Friday, April 11, 2014

Argentina: Unions Opposed to President Fernández Brings Country to a Standstill with General Strike

According to The Latin American Tribune, unions opposed to President Cristina Fernández de Kircher's government brought the country to a standstill with a general strike on Thursday (April 10), while the administration said militants were preventing people from going to work.

The strike against “austerity, inflation and crime” was most disruptive in greater Buenos Aires because of the participation of the transport sector and protesters’ blocking of main roads into the capital.

Strike organizers crippled main urban centers with the large-scale labor action, referring to the 40 roadblocks set up nationwide, Cabinet chief Jorge Capitanich told a press conference.

“There are workers who are not in agreement (with the strike) and they are unable to get to their workplace,” Capitanich said.

COMMENT: Since dawn, protesters blockaded roads leading into the capital, most notably the Pan American Highway, where clashes between police and demonstrators left two injured and one arrested.

Commuter rail and bus service was paralyzed.

“The strike has been a success from the outset,” labor leader and congressman Nestor Pitrola said, adding that “a new stage has been launched” in the unions’ struggle, “which began with the teachers strike and continues with this strike that seeks to define where the country is heading.”

The CGT labor federation’s dissident faction, headed by Hugo Moyano, a one-time close Fernández ally who is now a staunch government adversary, organized the general strike, the second that Fernández has faced since taking office in December 2007.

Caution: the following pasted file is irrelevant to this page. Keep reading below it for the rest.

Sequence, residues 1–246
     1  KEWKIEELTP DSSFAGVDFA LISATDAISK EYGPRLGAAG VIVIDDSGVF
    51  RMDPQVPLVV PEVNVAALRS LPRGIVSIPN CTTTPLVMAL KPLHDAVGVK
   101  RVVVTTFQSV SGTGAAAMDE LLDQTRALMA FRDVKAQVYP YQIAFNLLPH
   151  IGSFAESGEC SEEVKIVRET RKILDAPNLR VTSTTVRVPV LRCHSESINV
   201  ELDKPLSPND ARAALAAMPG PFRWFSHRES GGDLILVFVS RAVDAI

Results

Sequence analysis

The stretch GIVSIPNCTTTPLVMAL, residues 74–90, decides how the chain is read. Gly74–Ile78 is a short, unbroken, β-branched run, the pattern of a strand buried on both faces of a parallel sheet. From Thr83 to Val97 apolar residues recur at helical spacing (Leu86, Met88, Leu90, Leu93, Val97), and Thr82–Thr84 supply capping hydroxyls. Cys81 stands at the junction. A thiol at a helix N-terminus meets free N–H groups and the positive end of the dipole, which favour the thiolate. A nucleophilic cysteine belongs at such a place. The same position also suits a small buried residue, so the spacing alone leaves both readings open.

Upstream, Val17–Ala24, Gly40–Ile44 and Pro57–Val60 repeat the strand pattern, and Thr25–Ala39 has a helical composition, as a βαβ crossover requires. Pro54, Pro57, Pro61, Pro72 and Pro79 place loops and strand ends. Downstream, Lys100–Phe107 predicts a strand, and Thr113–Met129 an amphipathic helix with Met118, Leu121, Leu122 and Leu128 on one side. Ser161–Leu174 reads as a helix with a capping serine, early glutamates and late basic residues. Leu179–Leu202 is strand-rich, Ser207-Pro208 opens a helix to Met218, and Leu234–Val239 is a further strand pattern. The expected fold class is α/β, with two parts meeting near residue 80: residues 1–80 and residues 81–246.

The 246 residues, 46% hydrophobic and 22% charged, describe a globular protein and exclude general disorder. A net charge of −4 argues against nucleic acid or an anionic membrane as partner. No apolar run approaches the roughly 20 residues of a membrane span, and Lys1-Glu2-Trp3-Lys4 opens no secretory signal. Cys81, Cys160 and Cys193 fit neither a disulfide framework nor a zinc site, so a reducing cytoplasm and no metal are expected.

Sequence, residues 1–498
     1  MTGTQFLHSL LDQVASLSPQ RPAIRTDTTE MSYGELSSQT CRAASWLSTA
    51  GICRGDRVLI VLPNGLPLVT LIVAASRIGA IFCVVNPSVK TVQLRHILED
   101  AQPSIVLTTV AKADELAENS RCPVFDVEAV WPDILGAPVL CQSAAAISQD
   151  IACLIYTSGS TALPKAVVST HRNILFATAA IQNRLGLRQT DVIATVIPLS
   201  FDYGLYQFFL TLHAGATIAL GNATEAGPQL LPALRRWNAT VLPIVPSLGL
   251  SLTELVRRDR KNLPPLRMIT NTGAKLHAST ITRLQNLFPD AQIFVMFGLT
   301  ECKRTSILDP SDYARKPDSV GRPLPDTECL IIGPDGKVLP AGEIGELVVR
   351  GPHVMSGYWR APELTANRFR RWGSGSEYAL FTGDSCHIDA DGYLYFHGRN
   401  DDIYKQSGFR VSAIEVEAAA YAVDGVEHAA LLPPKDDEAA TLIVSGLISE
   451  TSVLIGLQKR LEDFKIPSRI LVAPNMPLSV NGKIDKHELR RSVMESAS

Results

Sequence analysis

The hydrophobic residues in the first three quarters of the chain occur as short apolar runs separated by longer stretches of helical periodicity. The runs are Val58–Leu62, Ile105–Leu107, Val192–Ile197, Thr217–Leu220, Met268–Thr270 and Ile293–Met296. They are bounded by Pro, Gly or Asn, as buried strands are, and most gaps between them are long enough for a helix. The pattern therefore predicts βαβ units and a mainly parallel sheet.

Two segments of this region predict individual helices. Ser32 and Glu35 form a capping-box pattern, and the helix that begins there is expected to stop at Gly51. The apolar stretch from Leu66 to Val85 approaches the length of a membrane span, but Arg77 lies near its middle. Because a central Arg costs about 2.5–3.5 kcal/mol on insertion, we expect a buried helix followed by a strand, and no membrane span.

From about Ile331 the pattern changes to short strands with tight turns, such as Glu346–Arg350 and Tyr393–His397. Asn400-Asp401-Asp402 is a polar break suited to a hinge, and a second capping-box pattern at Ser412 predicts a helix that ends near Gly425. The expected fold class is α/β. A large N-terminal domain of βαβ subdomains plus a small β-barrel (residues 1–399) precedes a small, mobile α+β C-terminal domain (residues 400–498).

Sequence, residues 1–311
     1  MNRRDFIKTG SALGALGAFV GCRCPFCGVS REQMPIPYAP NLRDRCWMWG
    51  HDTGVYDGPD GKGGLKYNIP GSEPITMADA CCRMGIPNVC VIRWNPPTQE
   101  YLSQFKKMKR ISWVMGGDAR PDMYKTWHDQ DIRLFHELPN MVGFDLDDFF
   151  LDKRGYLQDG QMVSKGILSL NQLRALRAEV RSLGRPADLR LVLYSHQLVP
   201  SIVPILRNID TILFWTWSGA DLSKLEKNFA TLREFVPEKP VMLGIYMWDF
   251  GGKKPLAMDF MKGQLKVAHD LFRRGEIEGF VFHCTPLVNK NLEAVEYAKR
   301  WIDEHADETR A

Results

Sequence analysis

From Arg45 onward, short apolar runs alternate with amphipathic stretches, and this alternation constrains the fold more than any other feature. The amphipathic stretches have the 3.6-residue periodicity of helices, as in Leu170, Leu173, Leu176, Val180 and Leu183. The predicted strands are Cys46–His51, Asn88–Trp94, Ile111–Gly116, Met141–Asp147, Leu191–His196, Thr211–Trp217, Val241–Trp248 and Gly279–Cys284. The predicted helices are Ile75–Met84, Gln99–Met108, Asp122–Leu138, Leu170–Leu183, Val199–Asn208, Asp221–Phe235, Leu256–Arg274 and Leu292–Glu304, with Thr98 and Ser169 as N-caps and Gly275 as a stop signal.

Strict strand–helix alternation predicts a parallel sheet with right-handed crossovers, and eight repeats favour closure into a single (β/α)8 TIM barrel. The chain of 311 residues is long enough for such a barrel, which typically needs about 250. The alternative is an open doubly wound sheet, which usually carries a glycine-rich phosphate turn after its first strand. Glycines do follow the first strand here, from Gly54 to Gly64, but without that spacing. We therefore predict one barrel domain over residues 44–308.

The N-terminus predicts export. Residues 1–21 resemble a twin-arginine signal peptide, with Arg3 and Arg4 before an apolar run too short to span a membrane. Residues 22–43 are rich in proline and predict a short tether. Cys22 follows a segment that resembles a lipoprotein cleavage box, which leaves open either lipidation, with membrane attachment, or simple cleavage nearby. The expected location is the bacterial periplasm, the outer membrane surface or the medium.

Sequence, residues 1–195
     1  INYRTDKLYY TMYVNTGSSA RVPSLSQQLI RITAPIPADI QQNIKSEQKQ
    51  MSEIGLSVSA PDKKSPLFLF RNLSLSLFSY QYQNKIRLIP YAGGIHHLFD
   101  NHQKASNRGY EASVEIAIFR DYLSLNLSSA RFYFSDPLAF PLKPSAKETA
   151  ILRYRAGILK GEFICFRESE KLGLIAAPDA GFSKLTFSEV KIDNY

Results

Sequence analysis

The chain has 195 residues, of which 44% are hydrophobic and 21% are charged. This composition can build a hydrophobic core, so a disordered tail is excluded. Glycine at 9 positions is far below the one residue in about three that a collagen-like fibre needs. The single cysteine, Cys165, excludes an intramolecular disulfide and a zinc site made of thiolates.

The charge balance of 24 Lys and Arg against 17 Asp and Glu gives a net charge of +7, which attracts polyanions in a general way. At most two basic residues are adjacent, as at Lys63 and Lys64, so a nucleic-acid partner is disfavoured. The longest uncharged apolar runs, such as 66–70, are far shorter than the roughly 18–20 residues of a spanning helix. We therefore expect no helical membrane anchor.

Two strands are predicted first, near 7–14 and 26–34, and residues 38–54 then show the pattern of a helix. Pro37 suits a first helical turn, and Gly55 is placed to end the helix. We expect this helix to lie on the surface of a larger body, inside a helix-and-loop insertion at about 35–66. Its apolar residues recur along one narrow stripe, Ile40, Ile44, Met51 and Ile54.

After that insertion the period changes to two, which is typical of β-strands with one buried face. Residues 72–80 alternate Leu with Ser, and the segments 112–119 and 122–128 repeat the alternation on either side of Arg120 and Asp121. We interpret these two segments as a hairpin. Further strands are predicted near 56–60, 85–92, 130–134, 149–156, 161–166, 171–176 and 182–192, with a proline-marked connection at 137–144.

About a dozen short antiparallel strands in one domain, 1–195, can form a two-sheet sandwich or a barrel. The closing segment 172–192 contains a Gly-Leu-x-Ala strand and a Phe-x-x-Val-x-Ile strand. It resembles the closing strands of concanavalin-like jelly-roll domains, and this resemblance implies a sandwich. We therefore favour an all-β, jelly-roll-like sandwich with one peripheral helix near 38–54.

The unions are demanding salary hikes of more than 40% and an increase in the level of earnings exempt from income tax, which now stands at 15,000 pesos ($1,875).

One by-product of Fernández' government from the outset of her administration is violent crime, which is the one issue that most Argentines complain about regardless of where they stand politically.

Organizers of the strike did not place a cost of  the impact the strike had on diminished productivity, but it had to be considerable and an embarrassment to the left-leaning government. 

Crime is a serious problem nationwide.  Street and residential crime appear to be increasingly common, more violent than in the past, with the use of firearms often being used. In January 2010, local press reported that over 1.2 million firearms are registered to nearly 700,000 users with almost 36,000 permits issued in 2010 (down from the 55,000 issued a decade earlier). 

The office within the government that regulates firearms, Registro Nacional de Armas (RENAR), stated that since its creation in 2007 the "Money for Weapons" program recovered a total of 141,000 weapons and more than 1,098.000 rounds of ammunition.

One of the cornerstones of the Peronist government has always been  the "cash for guns" program.